Homes and households
|Ward||Detached||Semi-detached||Terraced||Flats and apartments||Caravans/temporary/mobile homes/houseboats||Shared between households|
|Ward||Population||Households||% Owned outright||% Owned with a loan||hectares|
The 2011 census showed that 66.2% of the population were White British. Other White was the second largest category at 16%, with 8.1% being Asian.
A main mode of transport between Kew and London, for rich and poor alike, was by water along the Thames which, historically, separated Middlesex (on the north bank) from Surrey: Kew was also connected to Brentford, Middlesex by ferry, first replaced by bridge in 1759. The current Kew Bridge, which carries the South Circular Road (the A205) was opened by King Edward VII and Queen Alexandra in 1903.
The A205 road commencing there passes through Kew as a single carriageway. However Kew Road provides the main road link to Richmond. The M4 motorway starts a short distance north of Kew, providing access to Heathrow Airport and the west. The A316 road starts in Chiswick and continues over Chiswick Bridge and a complex junction with the South Circular Road at Chalker's Corner at the south-eastern end of the district.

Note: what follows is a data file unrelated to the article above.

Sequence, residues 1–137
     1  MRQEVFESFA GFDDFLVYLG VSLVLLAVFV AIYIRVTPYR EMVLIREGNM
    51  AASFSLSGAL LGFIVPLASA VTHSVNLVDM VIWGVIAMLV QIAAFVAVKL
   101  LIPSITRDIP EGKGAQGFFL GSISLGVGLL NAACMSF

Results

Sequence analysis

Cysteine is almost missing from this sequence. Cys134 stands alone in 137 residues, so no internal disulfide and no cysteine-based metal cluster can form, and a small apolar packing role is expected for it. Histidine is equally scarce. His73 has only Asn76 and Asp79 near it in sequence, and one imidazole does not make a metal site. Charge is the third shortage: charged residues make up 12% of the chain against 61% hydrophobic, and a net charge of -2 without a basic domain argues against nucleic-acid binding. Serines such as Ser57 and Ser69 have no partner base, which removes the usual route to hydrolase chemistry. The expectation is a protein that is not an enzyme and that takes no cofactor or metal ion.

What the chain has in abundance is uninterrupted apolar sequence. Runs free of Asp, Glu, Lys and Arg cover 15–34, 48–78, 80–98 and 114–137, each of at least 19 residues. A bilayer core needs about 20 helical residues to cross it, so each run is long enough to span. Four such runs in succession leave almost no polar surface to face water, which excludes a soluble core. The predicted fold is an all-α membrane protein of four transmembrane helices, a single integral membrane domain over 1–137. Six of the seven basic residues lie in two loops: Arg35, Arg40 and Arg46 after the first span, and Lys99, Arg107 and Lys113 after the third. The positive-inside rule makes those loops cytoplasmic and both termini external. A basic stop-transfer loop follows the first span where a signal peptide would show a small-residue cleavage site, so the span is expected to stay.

Since 1869 rail services have been available from Kew Gardens station. London Underground (District line) services run to Richmond and to central London. London Overground trains run to Richmond and (via Willesden Junction) to Stratford.
- Nearest places
- Nearest railway stations
- Kew Bridge station (South West Trains)
- Kew Gardens station (London Overground; London Underground District line)
- North Sheen station (South West Trains)
- Kew Bridge, which carries the A205 South Circular Road. Beside the bridge is Kew Pier, which serves tourist ferries operating under licence from London River Services.
- Kew Railway Bridge
Parks and open spaces
- Kew Green includes an old horse pond and is used by Kew Cricket Club for cricket matches in the summer.
- Kew Pond, northeast of Kew Green, has a reed bed habitat and a resident population of water birds.
- North Sheen Recreation Ground in Dancer Road, known locally as "The Rec", was originally part of an orchard belonging to the Popham Estate, owned by the Leyborne Pophams whose family seat was at Littlecote House, Wiltshire. Opened in June 1909 and extended in 1923, it now contains football pitches, a running track, a children's paddling pool, two extensive playgrounds, a large dog-free grassed area and a pavilion set amongst trees and shrubs. It is also the home of a local football club, Kew Park Rangers. A new £1 million sports pavilion was opened in September 2011.
- Pensford Field, previously playing fields of the former Gainsborough School, is now a nature reserve and also the home of Pensford Tennis Club.